• Difficulty in determining how long these differentials will last.
• Inconsistent fuel sources and their costs for generating plants.
Lower electric rates have been a drawing card for some processors that opted to settle in Henry County, VA, which has competitive rates compared to those in the Northeast and some urban areas, says Johnson. These rates are expected to remain competitive into the foreseeable future.
For some industries like poultry processing, the cost of energy can be a major factor in site selection. But for others, while the cost of energy isn’t necessarily the number one deal-breaker when it comes to choosing a site, it can certainly be an issue that might swing the outcome when it’s time to make final decisions, says Redmond.
Bob West points out that utilities are getting involved in drawing industry to their communities by offering some attractive incentives—so much so that it’s common for the EDC team to bring the utility along and discuss future energy needs. West explains that during one recent project, the utility kicked in some very nice incentives to come up with a design that could save up to 15 percent energy usage over an original design. Other big savings come from load-shedding agreements, especially where energy is critical in summer months. Some utilities have even paid the bill to install generators on a processor’s site so the utility can take the processor off the grid in an energy crunch.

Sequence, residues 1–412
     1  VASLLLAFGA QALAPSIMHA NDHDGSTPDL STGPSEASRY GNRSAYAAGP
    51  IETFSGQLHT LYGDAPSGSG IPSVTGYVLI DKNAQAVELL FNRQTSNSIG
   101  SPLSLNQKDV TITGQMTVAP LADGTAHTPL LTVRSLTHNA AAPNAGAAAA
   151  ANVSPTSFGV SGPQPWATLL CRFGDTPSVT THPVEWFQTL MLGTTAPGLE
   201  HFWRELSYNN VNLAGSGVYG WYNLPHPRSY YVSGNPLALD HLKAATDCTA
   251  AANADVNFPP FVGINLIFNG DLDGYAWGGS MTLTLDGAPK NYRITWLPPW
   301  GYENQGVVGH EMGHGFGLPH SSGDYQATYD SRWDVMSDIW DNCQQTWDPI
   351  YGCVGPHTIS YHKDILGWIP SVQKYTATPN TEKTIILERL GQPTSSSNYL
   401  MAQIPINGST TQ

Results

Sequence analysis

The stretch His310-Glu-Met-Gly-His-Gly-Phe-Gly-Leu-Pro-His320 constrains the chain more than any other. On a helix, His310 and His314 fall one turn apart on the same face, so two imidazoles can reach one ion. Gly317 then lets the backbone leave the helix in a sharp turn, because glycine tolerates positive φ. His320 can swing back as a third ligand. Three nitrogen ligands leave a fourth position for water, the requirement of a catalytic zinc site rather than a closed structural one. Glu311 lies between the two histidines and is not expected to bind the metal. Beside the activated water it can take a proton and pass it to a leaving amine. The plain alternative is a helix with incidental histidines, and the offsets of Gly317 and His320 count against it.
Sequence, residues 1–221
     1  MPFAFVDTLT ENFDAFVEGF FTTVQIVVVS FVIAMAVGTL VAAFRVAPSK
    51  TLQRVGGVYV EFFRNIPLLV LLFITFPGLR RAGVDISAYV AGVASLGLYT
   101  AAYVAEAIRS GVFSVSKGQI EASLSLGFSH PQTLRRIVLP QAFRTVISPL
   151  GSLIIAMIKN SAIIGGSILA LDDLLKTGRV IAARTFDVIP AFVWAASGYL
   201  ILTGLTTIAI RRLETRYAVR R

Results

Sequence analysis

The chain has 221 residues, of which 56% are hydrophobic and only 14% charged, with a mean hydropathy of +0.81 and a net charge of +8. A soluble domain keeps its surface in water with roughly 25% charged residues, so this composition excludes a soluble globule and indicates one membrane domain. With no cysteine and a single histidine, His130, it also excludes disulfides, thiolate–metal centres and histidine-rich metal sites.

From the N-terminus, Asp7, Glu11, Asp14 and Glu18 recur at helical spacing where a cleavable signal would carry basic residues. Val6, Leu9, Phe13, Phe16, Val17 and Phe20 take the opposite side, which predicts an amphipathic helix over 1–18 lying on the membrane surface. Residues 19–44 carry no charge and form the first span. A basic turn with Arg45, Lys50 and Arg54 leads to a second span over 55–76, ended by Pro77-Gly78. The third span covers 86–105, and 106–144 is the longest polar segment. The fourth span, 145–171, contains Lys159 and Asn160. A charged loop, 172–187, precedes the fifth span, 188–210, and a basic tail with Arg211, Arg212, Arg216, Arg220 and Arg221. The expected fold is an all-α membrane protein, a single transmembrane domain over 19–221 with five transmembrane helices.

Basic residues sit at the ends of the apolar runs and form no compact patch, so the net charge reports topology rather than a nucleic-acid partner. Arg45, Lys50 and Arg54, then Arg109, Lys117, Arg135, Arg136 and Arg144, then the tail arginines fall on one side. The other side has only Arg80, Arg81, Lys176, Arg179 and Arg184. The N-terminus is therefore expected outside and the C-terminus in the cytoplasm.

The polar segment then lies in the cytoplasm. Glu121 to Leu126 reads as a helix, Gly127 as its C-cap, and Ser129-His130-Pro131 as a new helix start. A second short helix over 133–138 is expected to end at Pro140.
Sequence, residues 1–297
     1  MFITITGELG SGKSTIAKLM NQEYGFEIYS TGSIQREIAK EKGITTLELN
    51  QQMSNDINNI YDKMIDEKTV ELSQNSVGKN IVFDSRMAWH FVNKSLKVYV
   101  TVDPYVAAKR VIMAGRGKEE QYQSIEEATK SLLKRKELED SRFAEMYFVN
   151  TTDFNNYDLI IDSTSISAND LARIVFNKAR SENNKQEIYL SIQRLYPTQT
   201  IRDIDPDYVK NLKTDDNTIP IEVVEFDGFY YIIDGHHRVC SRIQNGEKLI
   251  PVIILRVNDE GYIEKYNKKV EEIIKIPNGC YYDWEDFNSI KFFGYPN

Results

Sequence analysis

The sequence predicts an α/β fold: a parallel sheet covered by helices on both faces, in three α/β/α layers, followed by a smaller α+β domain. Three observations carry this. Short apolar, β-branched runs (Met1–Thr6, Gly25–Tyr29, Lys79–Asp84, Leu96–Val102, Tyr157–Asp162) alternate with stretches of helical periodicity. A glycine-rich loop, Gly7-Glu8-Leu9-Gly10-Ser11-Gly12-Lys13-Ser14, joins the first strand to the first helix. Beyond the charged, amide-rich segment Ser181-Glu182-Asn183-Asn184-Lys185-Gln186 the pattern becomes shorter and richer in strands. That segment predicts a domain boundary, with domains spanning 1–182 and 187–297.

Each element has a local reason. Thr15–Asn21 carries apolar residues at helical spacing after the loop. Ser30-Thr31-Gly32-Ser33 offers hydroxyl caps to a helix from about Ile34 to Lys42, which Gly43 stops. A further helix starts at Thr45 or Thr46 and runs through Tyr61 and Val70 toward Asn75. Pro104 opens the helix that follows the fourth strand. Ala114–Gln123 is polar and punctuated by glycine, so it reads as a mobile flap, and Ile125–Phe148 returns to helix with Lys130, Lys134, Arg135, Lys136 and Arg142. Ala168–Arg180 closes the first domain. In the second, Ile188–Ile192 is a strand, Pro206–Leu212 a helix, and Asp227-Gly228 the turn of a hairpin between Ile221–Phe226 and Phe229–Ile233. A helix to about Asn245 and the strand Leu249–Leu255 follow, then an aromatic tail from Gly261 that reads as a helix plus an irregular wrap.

Water, water everywhere
Water issues are multifaceted. “Utility [water] access is a major concern,” says Harmon. “Wastewater discharge, storm water retention, water rights, what the plant will process and how it will operate can all be problematic depending on the locale in which a processor wants to build.”
While some areas such as Texas and parts of Atlanta have suffered droughts and water shortages, other areas have fared better. For example, Henry County, VA has an excess water capacity of 9.2 million gallons per day (MGD) and an excess wastewater capacity of 9.5 MGD, according to Johnson.
Since food processors typically require significant water and wastewater capacities, municipality capacity numbers are very important and should be part of due diligence, according to Lindquist.
“As part of the due diligence process,” says McNabb, “prior to purchasing property, verify water availability to meet needs and include written agreements with the seller and/or municipality.” The same rules apply to wastewater treatment. Also, find out what capacity the public water treatment has and whether it will be necessary to preprocess wastewater on site.
While water as a utility is indispensable, too much of it can be devastating at worst and annoying at best. West offers simple advice: Do floodplain studies and check on the infrastructure to support the floodplain. During site selection, always locate the floodplain and never build inside it. Pick a high and dry area away from rivers, creeks and streams and their immediate floodplain. While not necessarily a flooding issue, selecting a site near or on wetlands will provide lots of expensive, recurring issues and worries—especially if the wetlands is next to or registered as a nature preserve.
With the more chaotic weather that’s been occurring, heavy snows, torrential rains and hurricanes have caused flooding that seems to occur more frequently than it should. “The floodplain of a site is one of the first things that should be addressed,” says DeGood. Site selection experts should not pick a site that has been recently affected by a 100-year floodplain event, he adds.